Connecticut: The Associated Press/Hartford Courant
reports, "Gov. M. Jodi Rell has vetoed two health insurance bills he said were "well-intentioned" but "would cost the state billions of dollars before any economic recovery is complete." Unions and health care advocates had pressured the Republican governor to sign the measures. "[O]ne of the bills… opens the state's health insurance plan to municipalities, small businesses and nonprofit agencies. The second bill creates a new public authority to develop a plan to extend coverage to the state's uninsured." It's not yet clear if Democrats, who have a veto-proof majority in the General Assembly, will try to override Rell's action (7/8).
Maine: The Maine Public Broadcasting Network
reports, "Maine is undertaking an experimental new way to deliver care to patients. A couple dozen primary care practices have signed up to be so-called "medical homes"…a model in which doctors spend more time coordinating their patients' care -- and get paid extra for their efforts." The state's Medicaid program and four largest insurers have agreed to participate (Huang, 7/8).
Michigan: The Detroit Free Press
reports, "Attorney General Mike Cox and a group of Republican lawmakers proposed Wednesday the creation of an independent auditor to weed out fraud and abuse in Michigan's Medicaid programs, a move they say could reap hundreds of millions of dollars in annual savings to taxpayers." A similar move in New York contributed to a tripling of the amount recovered through investigating fraud case over a single year. Democratic Gov. Jennifer Granholm said the suggestion raised "serious legal questions" concerning patient privacy, because investigators would access their records (Bell, 7/9).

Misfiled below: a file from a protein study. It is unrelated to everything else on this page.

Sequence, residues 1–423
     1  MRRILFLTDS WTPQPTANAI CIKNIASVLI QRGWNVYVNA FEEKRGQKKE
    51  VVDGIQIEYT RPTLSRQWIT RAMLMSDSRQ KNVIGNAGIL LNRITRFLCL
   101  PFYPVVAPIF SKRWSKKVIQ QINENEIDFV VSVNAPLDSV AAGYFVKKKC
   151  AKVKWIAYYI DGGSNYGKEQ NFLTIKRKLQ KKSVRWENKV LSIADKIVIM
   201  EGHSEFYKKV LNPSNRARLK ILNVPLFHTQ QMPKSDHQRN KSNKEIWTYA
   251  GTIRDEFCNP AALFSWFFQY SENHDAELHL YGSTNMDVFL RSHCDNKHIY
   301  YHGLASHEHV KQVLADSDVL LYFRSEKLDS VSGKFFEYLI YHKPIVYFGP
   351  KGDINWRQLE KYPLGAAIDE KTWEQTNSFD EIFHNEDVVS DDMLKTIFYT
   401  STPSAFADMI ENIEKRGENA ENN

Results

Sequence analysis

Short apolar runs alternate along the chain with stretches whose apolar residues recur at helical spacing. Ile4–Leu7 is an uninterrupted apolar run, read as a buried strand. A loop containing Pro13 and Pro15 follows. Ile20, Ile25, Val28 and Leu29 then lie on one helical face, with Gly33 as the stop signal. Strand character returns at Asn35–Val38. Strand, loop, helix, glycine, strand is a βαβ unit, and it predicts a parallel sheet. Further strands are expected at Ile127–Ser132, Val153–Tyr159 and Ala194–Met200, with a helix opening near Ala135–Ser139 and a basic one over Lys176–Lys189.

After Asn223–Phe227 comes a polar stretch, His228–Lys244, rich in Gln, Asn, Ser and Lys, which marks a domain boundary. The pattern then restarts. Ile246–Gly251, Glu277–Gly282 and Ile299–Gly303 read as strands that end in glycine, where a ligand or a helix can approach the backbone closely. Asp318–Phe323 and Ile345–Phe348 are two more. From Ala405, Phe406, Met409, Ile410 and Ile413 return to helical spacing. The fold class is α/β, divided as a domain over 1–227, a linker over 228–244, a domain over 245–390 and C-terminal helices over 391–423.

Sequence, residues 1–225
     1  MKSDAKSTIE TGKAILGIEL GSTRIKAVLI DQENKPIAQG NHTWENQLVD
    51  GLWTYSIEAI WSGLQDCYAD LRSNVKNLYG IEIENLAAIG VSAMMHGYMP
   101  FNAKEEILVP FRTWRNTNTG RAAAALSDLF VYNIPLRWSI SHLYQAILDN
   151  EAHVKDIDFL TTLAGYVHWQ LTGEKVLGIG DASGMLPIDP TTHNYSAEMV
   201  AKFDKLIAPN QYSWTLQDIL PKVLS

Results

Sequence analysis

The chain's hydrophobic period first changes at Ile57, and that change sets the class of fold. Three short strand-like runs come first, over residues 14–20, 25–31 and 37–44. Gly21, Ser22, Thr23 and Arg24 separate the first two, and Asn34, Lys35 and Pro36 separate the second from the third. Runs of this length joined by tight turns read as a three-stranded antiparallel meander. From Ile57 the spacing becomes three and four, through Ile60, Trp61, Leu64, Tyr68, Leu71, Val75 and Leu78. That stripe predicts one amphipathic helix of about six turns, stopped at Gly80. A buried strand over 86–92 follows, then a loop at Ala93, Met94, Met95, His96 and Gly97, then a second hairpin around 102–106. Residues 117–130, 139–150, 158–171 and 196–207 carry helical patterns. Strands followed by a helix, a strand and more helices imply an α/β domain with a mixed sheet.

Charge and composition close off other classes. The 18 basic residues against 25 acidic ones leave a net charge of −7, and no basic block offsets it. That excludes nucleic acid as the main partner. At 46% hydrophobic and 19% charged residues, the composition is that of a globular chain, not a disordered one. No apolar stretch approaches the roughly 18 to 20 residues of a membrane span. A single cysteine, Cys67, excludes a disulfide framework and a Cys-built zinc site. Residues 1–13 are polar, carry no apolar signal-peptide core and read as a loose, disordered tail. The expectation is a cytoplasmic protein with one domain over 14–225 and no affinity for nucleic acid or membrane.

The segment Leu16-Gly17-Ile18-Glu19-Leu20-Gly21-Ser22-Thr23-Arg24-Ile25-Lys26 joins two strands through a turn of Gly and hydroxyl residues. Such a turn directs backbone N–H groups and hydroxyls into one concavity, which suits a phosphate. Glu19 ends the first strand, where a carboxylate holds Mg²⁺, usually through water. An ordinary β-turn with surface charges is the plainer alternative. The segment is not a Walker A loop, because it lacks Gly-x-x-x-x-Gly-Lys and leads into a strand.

Pennsylvania: A new mental health court opened Wednesday in Philadelphia to oversee legal issues surrounding nonviolent, mentally ill inmates upon their release from jail, the Philadelphia Inquirer
reports. "We want to stop the revolving door of recidivism," the judge overseeing the program said (Slobodzian, 7/8).
Texas: The Houston Chronicle
reports that "health class will no longer be a state requirement for high school students this fall, making Texas one of the few states in the country with no required health education, officials said." Some are raising concerns that "Texas students will miss out on critical topics like alcohol awareness, sex education and basic nutrition." School districts still can require students to take health classes, but Gov. Education Commissioner Robert Scott's action wiped out the state requirement in favor of a new law that increases the number of electives students must take to graduate (Castro, 7/7).